For the first few days after Faisal Shahzad’s Nissan Pathfinder was found smoking and loaded with petroleum in the heart of Times Square, officials insisted that he was most likely acting alone, and not at the command of a larger organization. Even though the Taliban in Pakistan took credit for the attack, the U.S. government played down the claim, as the group was not regarded as strong enough to lash out against us on our soil, and Shahzad himself at first claimed to have acted alone, according to reports. But according to the Times, mounting evidence suggests that Shahzad was, in fact, working at their behest. Yesterday the Post reported that Shahzad had been working with the Taliban there and was enraged when he saw the damage inflicted by U.S. attack drones bombing his comrades at the behest of the Pakistani government (against whom the Taliban are engaged in a constant struggle).
Last March a Pakistani Taliban leader vowed to attack Washington in a move that would “amaze everyone in the world” in revenge for the drone attacks, but American intelligence officials didn’t think the group had the sophistication or resources to pull of anything so serious. But according to the Times, officials are being forced to reassess this stance after Saturday’s attempted bombing of Times Square, now realizing that even if the attempt is disorganized, crude, and minimal, the Taliban will see nearly any kind of attack here as a propaganda victory.
As evidence that Shahzad was working for a larger group, officials point to the fact that someone provided him cash to buy the Pathfinder and also a plane ticket to Dubai to escape. Investigators are pursuing the financial link. Meanwhile, the Associated Press reports a new video of Shahzad, this time of him buying the fireworks for his failed bomb at a store in Pennsylvania. Their report claims that Shahzad did something of a dry run of his attack a few days beforehand:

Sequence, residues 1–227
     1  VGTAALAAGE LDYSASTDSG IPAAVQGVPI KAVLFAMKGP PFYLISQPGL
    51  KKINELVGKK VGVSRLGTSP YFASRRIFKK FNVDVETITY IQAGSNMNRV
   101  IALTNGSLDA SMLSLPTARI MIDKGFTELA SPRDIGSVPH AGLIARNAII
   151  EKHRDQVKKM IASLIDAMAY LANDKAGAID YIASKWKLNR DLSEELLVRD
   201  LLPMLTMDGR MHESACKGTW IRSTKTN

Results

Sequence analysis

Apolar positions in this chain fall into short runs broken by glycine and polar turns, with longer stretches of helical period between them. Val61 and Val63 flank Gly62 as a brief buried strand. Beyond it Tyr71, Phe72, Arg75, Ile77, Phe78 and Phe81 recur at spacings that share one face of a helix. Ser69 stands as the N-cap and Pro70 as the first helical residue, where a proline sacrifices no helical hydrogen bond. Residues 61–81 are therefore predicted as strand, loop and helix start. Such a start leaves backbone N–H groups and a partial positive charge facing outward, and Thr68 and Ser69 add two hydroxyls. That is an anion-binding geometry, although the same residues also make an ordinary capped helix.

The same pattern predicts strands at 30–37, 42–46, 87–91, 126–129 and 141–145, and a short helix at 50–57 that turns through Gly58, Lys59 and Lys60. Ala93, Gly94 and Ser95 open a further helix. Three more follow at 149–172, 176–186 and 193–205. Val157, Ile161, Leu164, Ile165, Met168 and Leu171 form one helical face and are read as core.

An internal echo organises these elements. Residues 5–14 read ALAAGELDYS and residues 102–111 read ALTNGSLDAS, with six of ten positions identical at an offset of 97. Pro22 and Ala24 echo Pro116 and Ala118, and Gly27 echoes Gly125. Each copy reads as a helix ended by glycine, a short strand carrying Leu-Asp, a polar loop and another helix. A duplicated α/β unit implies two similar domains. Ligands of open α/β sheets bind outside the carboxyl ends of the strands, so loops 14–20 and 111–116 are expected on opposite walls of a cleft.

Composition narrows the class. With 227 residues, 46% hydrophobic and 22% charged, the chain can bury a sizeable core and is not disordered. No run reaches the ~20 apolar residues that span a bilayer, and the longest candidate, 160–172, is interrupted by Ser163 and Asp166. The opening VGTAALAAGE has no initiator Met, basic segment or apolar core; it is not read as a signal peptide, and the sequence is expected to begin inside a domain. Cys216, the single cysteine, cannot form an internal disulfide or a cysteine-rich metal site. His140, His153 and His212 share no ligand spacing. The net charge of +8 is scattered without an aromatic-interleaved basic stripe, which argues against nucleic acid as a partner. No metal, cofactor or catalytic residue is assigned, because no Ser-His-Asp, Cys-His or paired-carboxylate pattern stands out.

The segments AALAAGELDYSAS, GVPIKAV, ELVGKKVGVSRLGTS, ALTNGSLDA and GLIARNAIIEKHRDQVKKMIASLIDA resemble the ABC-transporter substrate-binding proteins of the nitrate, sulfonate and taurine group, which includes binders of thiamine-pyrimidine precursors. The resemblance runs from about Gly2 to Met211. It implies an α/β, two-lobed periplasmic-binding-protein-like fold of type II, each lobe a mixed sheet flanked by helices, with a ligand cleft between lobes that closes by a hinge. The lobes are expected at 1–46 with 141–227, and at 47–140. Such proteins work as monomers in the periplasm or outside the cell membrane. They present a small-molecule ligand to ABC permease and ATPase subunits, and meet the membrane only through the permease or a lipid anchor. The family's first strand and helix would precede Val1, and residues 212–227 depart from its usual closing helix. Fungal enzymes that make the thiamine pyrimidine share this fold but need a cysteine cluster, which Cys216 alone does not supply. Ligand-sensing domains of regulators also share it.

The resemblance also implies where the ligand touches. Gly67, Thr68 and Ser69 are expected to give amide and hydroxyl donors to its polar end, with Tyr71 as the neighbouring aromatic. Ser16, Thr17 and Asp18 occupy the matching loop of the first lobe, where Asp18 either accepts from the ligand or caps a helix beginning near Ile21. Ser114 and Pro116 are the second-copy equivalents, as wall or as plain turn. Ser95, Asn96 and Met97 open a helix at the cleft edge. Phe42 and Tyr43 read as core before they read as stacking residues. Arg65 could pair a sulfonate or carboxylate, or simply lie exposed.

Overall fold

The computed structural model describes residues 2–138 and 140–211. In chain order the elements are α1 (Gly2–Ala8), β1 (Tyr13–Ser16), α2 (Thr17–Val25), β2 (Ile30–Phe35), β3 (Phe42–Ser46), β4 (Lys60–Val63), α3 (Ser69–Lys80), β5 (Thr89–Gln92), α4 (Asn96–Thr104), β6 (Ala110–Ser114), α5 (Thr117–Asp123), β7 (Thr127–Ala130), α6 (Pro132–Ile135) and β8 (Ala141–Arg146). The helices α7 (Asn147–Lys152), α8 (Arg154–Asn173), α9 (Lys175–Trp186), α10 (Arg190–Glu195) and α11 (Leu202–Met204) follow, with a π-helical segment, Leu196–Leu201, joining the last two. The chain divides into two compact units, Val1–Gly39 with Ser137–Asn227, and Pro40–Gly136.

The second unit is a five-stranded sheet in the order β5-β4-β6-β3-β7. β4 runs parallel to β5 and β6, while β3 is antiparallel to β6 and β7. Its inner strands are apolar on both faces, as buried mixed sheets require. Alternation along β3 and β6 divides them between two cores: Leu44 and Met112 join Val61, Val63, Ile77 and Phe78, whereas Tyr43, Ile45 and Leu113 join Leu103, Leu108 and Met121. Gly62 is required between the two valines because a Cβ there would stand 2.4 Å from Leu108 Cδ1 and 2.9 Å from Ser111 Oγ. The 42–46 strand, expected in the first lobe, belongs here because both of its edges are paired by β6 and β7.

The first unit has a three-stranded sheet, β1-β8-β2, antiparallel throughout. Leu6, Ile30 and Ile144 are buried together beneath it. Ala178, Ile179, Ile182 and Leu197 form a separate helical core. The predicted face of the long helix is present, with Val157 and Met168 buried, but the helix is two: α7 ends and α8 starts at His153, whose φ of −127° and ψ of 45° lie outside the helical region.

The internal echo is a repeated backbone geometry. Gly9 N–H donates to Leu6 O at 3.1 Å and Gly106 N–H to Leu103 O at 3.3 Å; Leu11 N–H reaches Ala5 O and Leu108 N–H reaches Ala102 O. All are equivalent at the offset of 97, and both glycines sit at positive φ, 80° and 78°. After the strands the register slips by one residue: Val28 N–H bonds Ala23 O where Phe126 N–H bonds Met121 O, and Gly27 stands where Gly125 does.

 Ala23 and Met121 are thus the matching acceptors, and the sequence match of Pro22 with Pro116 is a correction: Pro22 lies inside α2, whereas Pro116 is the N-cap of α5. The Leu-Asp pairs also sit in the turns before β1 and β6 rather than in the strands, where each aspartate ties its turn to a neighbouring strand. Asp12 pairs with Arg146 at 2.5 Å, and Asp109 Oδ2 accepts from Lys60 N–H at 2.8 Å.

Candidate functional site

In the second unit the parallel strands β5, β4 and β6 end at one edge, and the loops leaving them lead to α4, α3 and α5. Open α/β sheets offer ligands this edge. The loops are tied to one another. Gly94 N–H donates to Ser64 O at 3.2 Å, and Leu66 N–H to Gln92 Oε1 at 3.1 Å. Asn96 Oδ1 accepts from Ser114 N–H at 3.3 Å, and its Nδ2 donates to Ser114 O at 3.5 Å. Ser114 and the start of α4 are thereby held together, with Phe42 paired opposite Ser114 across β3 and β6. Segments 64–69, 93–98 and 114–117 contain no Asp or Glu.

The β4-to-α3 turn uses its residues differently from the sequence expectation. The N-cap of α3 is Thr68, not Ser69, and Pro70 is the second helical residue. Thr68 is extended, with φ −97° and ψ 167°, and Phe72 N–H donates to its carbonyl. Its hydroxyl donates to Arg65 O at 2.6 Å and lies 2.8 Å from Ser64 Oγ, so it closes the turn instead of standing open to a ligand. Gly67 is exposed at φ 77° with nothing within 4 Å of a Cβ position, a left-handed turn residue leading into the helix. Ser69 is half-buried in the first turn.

Shahzad drove the SUV to Times Square from Connecticut on April 28 apparently to figure out where would be the best place to leave it later, then returned to the area April 30 to drop off a different vehicle, a black Isuzu, the official said. He then went back Saturday to leave the SUV with the car bomb but forgot the keys for both vehicles in the SUV and had to take public transit back home, the official said. He returned to Times Square on Sunday with a second set of keys to pick up the Isuzu, which he had parked about eight blocks from the bombing site, the official said.
Don’t you hate it when you forget the keys to the car you left your bomb in?
Talking Points Memo has also unearthed Shahzad’s résumé, which lists the following career objective: “To work in a high energy and challenging business environment that will promote professional and personal growth while adding significant value to my employer.” We assume this is not the one he sent to the Pakistani Taliban.